By Joel S. Migdal, Professor.
Insight from Tel Aviv, Israel.
Sitting in the Betty White Café (that’s right!) in Tel Aviv, I have come to the conclusion that Israel is a highly schizophrenic society. I am a couple of blocks from the beach, where the evening sunsets over the Mediterranean are breathtaking. And all around me people seem to be enjoying life to the fullest. They sit in cafés and bars until all hours of the night, sometimes spilling out onto the street in the warm summer nights long after midnight. The restaurants are full—and they are expensive. Cultural events are packed. World recession? I don’t see it on the streets of downtown Tel Aviv. At the old Tel Aviv port, now converted into a happening place of shops, shows, and bikinis, traffic jams to get in last until 2:00 or 3:00 in the morning. This is Barcelona on the shores of the eastern Mediterranean.
By Julie Mendel, B.A. student.
Insight from Kagbere, Sierra Leone.
Previously: On Hunger & Loving Humans & Manifesto (For Clarke Speed)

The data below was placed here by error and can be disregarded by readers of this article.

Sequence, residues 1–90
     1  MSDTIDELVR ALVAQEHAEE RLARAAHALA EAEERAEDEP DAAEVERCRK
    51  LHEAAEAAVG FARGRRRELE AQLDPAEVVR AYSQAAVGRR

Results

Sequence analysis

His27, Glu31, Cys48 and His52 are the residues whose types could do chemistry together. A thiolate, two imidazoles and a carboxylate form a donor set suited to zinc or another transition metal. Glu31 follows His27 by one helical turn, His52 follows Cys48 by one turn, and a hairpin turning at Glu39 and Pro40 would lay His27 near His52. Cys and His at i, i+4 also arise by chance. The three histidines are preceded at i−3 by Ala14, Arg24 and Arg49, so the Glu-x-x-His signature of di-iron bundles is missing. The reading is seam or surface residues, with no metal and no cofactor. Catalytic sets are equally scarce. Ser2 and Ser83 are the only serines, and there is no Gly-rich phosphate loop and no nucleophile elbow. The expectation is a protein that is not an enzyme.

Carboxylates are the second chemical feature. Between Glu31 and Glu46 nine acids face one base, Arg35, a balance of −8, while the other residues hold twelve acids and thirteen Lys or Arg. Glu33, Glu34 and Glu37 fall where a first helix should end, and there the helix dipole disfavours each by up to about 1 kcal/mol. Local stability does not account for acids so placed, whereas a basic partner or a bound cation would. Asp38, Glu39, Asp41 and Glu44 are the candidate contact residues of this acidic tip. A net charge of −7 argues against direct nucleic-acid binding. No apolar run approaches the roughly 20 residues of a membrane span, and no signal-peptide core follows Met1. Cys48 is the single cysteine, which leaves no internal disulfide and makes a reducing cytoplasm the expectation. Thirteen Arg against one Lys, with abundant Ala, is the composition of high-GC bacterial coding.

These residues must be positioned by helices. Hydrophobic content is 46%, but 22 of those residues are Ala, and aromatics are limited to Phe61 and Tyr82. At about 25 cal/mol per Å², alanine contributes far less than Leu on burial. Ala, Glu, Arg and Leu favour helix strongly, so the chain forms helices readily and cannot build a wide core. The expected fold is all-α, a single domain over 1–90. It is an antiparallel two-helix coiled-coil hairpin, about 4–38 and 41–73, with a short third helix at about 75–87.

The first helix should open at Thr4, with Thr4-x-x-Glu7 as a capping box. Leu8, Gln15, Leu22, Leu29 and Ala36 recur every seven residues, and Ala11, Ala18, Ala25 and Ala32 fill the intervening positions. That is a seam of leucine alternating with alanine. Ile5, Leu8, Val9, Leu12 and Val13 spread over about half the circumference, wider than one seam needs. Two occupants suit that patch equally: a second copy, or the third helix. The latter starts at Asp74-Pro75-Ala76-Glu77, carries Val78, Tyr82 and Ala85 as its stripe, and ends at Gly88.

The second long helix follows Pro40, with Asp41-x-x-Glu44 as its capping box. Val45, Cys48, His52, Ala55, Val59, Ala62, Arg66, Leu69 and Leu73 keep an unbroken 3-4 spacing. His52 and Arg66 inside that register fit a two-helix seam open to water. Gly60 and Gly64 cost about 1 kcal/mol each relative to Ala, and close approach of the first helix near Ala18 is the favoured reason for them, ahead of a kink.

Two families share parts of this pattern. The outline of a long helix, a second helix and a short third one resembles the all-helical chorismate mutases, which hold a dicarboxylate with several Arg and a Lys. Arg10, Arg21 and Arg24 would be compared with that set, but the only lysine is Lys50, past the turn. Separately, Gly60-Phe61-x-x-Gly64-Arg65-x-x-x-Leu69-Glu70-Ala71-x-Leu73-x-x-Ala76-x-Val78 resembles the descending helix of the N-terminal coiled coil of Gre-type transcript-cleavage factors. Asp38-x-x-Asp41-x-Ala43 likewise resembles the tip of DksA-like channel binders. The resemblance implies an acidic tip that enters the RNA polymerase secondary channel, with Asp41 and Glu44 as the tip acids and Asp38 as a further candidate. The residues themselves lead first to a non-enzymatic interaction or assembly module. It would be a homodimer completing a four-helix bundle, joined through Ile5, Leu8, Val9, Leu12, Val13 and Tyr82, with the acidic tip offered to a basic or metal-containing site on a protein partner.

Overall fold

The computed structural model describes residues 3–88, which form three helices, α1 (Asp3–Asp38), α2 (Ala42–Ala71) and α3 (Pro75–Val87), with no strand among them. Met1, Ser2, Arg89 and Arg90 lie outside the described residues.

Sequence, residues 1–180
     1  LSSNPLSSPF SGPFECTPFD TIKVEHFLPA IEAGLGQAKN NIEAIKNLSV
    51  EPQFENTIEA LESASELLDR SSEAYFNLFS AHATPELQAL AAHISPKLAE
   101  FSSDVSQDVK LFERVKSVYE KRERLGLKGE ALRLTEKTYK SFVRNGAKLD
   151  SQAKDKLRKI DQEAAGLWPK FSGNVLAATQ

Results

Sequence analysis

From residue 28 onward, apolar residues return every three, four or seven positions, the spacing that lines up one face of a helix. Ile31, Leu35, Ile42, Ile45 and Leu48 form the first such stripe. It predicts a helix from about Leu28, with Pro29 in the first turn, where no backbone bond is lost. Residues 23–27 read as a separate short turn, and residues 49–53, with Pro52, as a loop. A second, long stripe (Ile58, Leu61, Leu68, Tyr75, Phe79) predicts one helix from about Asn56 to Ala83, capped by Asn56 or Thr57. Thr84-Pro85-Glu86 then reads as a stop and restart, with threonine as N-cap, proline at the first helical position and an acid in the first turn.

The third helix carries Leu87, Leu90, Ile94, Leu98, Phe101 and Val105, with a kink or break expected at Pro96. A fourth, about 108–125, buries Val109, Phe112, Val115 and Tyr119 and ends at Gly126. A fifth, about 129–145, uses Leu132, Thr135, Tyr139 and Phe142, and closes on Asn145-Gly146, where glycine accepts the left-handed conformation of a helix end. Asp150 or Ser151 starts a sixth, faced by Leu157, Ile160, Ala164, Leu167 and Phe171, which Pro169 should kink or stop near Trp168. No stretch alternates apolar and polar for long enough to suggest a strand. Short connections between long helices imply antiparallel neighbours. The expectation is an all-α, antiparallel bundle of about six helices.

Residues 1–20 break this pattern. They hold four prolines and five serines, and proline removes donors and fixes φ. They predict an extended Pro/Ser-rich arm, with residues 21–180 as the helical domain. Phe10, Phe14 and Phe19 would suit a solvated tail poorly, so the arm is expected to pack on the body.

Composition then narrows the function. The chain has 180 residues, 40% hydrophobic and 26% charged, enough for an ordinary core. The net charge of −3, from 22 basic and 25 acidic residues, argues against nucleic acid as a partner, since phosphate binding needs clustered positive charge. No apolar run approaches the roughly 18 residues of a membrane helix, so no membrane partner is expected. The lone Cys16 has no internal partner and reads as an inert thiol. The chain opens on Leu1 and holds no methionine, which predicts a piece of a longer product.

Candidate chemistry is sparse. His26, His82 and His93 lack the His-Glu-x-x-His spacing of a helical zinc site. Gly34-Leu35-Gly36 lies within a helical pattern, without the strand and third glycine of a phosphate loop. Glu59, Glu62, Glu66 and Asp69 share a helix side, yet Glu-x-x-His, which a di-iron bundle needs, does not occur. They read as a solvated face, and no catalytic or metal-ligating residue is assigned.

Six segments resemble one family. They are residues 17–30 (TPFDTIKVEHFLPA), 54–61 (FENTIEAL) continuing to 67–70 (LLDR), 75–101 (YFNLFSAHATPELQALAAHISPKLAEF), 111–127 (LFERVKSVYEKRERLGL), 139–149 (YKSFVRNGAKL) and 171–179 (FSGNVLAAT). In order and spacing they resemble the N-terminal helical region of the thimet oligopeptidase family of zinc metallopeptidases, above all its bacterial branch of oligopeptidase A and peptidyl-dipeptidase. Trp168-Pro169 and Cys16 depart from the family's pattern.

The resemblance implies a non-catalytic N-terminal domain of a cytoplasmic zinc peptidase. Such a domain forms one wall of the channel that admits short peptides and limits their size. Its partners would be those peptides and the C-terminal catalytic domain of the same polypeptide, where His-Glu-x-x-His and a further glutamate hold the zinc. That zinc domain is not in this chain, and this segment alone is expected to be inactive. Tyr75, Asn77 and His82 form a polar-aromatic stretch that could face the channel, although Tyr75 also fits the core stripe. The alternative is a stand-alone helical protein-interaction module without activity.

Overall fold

Sento is twenty-seven years old, maybe twenty-eight. She’s got a figure, a voice, a hairdo, and an attitude that all say city instead of village, Los Angeles instead of rural Sierra Leone. Mostly, it’s her attitude.  Sento’s confidence is inexplicable, an anachronism; like many other things about the lives of women I know in Kagbere, it seems all but impossible. Keyword being but. Because Sento is there, on that porch, wearing a fitted t-shirt and enormous silver earrings, selling someone a packet of sugar or laughing with some man on a motorbike, radiating confidence the entire time. Impossible, but possible. […]
By Elizabeth Cook, B.A. student.
Insight from Berlin, Germany.
Living in Berlin, a city caught up in a selective forgetting and remembering of the physical past, it is not hard to stumble across something with a hidden or little-known history. On July 20th, a few classmates and I went exploring in the city, and came upon the Memorial to the German Resistance, also known as the Bendlerblock. The Bendlerblock is better known through the context of Operation Valkyrie; the area was used as the headquarters for the Wehrmacht officers who carried out the July 20 plot against Adolf Hitler. General Olbricht, Colonel von Stauffenberg, Werner von Haeften, and Albrecht Ritter Mertz von Quirnheim were executed by firing squad in the courtyard of the building for conspiracy. Currently, the courtyard is home to the Memorial to the German Resistance. […]